- Title: Chinese companies, including Hikvision, are blacklisted by U.S.
- Date: 8th October 2019
- Summary: WOMAN LOOKING AT SCREEN SHOWING DAHUA SURVEILLANCE SYSTEM
- Embargoed: 22nd October 2019 07:52
- Keywords: Hikvision Blacklist China economy Xinjiang Uighurs surveillance tech
- Location: BEIJING, DABANCHENG, XINJIANG UIGHUR AUTONOMOUS REGION, TURPAN, XINJIANG UIGHUR AUTONOMOUS REGION, CHINA/INTERNET
- City: BEIJING, DABANCHENG, XINJIANG UIGHUR AUTONOMOUS REGION, TURPAN, XINJIANG UIGHUR AUTONOMOUS REGION, CHINA/INTERNET
- Country: China
- Topics: Diplomacy/Foreign Policy,Government/Politics
- Reuters ID: LVA006B08IURR
- Aspect Ratio: 16:9
- Story Text: Chinese video surveillance giant Hikvision said on Tuesday (October 8) it is assessing the potential impacts of being placed on a U.S. trade blacklist after it was one of 28 Chinese public security bureaus and companies placed on the list over Beijing's treatment of Uighur Muslims and other predominantly Muslim ethnic minorities.
Those added to the so-called "Entity List" include the Xinjiang Uighur Autonomous Region People's Government Public Security Bureau, 19 subordinate government agencies and eight commercial firms, according to a U.S. Commerce Department filing released on Monday (October 7).
The companies include some of China's leading artificial intelligence firms such as SenseTime Group Ltd, and Megvii Technology Ltd, which is backed by Alibaba, as well as Hikvision, Zhejiang Dahua Technology, IFLYTEK Co, Xiamen Meiya Pico Information Co, and Yixin Science and Technology Co.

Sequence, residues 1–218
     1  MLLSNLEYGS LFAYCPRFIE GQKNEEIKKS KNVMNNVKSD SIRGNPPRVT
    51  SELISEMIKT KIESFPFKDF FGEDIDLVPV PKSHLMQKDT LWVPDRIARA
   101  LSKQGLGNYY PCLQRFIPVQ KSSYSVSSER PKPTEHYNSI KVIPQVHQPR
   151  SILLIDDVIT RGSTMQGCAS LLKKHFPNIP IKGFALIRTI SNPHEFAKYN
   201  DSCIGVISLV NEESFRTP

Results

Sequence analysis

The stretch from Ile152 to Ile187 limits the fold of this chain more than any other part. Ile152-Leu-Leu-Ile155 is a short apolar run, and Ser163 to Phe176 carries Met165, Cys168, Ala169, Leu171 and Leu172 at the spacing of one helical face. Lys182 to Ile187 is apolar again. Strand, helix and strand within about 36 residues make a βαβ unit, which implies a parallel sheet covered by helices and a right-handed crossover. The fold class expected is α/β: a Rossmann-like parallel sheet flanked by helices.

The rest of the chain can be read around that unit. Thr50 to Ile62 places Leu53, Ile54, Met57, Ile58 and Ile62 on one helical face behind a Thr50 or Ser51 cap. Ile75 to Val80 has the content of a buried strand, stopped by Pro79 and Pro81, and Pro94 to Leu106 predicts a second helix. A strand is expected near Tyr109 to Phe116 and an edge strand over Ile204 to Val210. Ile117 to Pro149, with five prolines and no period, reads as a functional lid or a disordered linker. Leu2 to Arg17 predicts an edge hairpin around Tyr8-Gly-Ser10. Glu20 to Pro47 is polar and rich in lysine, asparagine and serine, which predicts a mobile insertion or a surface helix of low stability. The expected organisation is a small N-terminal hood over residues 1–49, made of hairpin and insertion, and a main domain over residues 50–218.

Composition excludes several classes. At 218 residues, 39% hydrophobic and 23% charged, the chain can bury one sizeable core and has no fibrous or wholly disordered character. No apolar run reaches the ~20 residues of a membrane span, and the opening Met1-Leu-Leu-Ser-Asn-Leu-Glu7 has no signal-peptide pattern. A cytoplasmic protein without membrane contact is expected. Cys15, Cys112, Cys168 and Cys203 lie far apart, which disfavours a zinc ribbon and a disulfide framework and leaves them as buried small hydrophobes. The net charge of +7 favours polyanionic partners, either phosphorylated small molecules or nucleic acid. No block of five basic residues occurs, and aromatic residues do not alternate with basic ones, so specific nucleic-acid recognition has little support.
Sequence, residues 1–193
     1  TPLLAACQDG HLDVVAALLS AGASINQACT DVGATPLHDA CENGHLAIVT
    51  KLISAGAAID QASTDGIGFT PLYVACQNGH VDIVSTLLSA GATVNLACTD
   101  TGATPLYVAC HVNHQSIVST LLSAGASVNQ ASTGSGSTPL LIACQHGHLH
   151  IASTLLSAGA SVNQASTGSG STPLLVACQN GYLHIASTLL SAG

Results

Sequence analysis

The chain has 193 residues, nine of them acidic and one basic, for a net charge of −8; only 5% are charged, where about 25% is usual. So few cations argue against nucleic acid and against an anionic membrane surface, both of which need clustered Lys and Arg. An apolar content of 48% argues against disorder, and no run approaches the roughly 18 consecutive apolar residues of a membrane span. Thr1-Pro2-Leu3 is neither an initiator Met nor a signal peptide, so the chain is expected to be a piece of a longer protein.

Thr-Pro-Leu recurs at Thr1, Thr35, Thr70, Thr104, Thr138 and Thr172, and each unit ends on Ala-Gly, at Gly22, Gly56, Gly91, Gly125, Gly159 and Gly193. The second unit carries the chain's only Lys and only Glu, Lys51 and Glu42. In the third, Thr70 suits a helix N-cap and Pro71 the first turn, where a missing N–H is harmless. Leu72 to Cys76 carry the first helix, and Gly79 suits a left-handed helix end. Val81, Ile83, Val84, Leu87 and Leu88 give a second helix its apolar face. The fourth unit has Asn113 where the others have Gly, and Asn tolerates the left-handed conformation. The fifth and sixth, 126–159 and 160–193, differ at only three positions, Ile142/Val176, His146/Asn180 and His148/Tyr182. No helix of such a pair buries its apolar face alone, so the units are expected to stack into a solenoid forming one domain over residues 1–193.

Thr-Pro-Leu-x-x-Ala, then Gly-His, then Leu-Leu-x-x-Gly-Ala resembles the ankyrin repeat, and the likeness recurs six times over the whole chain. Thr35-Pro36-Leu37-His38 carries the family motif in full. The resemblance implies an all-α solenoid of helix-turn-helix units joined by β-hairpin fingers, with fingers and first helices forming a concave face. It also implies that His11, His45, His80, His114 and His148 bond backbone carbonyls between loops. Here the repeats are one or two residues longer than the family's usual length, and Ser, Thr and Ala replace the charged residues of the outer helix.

Megvii filed for an IPO this summer of at least $500 million in Hong Kong, while SenseTime raised $620 million in a second round of funding in just two months last year and is one of the world's most valuable unicorns in artificial intelligence. Hikvision, with a market value of about $42 billion, calls itself the world's largest video surveillance gear maker. Reuters reported in August Hikvision receives nearly 30% of its 50 billion yuan ($7 billion) in revenue from overseas.
While U.S. officials said the announcement was not tied to this week's resumption of trade talks with China, the announcement sets the tone for a potentially more aggressive positioning by Washington in negotiations with Beijing to end an 15 month trade war between the world's biggest economies.
The U.S. department filing said the "entities have been implicated in human rights violations and abuses in the implementation of China's campaign of repression, mass arbitrary detention, and high-technology surveillance against Uighurs, Kazakhs, and other members of Muslim minority groups."
China faces growing condemnation from Western capitals and rights groups for setting up facilities that U.N. experts describe as mass detention centres holding more than 1 million ethnic Uighurs and other Muslims.
(Production: Martin Pollard, Thomas Suen, Irene Wang)
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